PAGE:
If an event is a key element in managing the relationship with an account for the year, such as your premier customer conference or the largest annual conference you attend together, then the value of that activity would likely be a significant portion of the overall amount a company spends on maintaining the business. If the event you are considering is not a main part of relationship management then it might represent only a small fraction of your company’s effort. Regardless, if you add up the current annual revenue of the customers you will entertain or brief at an event, those numbers are usually impressive, and demonstrate what is at risk if those relationships are not maintained.
3.Cost Savings – Cost savings and expense avoidance achieved through trade show activity can be quite substantial. Events present “one on many” and “many on many” opportunities. This value element is a real, traceable source of ROI on an event.
Everyone in your market universe may be gathered in one place, thinking about the same concentrated range of topics. Prospects, customers, suppliers, allies, analysts, press, executives, sales, product management and marketing are all at a single event, usually at their own expense. The number of potential interactions is huge. Consider special approaches to maximize the time, place and focus available through the event.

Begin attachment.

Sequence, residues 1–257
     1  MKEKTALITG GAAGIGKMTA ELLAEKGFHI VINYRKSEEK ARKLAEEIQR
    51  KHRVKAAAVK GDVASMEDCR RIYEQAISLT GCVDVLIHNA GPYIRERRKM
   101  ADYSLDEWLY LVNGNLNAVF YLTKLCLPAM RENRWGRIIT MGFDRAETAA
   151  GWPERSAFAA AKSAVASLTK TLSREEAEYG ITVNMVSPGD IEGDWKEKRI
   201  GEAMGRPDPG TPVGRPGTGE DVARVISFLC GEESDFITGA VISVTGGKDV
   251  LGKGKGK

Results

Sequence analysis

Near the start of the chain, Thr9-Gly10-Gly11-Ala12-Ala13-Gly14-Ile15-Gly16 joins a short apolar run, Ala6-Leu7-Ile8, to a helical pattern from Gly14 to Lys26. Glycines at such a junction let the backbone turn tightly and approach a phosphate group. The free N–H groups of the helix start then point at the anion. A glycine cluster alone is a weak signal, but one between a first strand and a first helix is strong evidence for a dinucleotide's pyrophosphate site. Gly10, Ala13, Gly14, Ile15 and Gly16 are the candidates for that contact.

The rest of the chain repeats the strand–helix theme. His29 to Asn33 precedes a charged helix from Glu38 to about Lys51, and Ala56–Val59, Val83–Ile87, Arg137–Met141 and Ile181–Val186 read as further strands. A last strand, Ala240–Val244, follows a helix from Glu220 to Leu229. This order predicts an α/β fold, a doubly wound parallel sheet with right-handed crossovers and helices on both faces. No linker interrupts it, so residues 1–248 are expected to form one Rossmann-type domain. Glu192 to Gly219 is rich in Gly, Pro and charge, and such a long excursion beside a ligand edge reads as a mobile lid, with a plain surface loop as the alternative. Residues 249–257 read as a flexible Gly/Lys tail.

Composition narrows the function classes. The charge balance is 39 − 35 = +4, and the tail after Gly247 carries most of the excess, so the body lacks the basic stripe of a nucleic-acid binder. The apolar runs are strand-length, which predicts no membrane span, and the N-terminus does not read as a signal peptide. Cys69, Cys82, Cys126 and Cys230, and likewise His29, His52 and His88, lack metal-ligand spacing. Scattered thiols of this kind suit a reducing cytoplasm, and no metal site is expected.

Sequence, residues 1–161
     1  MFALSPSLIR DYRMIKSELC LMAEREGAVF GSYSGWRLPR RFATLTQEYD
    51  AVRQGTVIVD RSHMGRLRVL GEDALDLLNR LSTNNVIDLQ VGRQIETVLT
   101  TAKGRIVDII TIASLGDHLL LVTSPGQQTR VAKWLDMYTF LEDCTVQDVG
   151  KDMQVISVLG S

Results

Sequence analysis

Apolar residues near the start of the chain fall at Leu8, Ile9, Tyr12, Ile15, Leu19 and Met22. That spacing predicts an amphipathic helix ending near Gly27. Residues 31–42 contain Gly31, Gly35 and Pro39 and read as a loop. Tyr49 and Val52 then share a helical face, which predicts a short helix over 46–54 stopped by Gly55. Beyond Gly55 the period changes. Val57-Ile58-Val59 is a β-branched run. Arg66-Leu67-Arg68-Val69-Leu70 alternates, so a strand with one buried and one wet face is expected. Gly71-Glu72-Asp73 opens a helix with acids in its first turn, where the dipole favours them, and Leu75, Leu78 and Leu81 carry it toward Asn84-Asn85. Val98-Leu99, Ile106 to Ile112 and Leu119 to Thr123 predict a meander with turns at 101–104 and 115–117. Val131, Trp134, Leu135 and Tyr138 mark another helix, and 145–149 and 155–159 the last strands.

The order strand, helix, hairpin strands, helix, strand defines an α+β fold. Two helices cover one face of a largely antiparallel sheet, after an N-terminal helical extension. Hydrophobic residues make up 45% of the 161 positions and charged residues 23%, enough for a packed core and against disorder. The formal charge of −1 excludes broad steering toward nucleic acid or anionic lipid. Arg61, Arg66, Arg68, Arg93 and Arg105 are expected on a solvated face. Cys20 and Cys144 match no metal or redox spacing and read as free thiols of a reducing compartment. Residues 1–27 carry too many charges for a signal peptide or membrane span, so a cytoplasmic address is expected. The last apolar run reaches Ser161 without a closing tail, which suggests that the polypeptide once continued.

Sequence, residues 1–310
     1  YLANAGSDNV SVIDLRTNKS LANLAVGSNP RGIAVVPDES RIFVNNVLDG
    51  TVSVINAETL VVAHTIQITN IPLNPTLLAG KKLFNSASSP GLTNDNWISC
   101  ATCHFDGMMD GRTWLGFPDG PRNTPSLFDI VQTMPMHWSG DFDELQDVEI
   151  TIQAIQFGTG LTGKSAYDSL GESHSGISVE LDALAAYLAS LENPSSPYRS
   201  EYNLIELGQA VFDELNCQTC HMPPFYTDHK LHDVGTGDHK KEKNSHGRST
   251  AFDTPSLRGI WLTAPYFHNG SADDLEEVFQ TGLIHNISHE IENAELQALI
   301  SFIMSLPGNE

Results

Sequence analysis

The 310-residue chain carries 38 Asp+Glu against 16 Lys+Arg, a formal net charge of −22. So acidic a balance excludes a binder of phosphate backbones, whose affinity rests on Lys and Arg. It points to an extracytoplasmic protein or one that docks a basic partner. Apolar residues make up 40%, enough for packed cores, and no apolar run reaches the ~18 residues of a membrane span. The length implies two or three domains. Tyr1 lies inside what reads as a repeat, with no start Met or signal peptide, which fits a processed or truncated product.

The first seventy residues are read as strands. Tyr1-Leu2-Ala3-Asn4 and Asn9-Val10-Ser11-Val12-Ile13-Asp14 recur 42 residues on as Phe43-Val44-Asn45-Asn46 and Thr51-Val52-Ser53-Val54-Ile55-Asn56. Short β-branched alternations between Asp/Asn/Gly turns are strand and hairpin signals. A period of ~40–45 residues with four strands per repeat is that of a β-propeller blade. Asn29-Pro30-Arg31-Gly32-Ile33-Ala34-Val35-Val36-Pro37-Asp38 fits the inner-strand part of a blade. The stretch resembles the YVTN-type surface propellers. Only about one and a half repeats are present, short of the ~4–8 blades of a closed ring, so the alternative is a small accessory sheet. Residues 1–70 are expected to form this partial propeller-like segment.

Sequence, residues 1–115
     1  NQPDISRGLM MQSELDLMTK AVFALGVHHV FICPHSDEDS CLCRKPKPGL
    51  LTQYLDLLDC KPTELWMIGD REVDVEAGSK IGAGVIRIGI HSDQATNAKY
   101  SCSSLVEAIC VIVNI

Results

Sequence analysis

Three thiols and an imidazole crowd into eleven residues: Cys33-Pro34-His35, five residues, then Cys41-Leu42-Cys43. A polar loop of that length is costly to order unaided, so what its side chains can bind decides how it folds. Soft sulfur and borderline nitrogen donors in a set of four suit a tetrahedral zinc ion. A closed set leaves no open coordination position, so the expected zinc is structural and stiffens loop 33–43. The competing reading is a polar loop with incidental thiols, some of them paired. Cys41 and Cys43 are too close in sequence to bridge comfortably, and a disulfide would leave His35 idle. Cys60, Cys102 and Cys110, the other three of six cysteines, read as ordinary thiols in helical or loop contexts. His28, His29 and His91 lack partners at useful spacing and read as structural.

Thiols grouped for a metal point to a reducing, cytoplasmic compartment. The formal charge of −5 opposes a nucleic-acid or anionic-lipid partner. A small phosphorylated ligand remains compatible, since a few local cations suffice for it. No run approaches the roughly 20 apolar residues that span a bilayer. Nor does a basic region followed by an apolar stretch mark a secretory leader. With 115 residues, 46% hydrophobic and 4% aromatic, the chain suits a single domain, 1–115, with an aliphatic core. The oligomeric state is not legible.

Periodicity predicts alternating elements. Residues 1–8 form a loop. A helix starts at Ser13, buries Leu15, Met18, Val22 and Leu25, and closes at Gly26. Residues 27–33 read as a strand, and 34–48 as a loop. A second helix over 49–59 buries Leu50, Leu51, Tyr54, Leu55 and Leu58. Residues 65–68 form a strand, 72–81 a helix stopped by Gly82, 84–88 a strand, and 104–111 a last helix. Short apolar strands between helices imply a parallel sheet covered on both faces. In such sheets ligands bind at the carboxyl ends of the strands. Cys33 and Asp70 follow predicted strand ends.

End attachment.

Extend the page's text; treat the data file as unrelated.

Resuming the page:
Be sure your activities at your next event are aimed not only at the income side of the profit equation, but the cost side as well. Realizing these benefits requires dialogue with those managers who can take advantage of the opportunity your event provides. They may also help you estimate the value of doing multiple things at an event instead of doing them one at a time in the future at additional expense.
Reporting these results in your event measurement report will add credibility and financial justification for your investment beyond the primary goal of increasing sales.
4.Promotion Value – This is often the least reported source of ROI, but promotion value at a marketing event provides real, identifiable value. Promotion value may be calculated using “ad equivalency” values, which are derived from what an equivalent advertising cost to accomplish a similar promotional impact would be.
“Ad Equivalency” is a less popular metric today than it was even a few years ago. It is still useful to report promotion value in terms of total impressions made at marketing events as this provides an idea of “reach”. “Gross Impressions” are those that fall on the eyes and ears of anyone. “Targeted Impressions” are those that fall on the eyes and ears of those who fit your target profile. The total impressions are the sum of all gross and targeted impressions made as a result of show budgeted activity. These activities often include promotion activities in direct marketing, media (including digital and social media) show exposure and exhibit exposure.
The payback ratio is a simple measure of success for your event marketing program. By adding the monetary value of all the tracked and estimated revenue and cost avoidance represented in the categories above, we can compare apparent value of an event to its cost. Using the payback ratio as an index is a great way to convey the value of your marketing events. The payback ratio provides qualitative and quantitative analysis of events and often greatly facilitates the discussion with executives over event strategy and funding.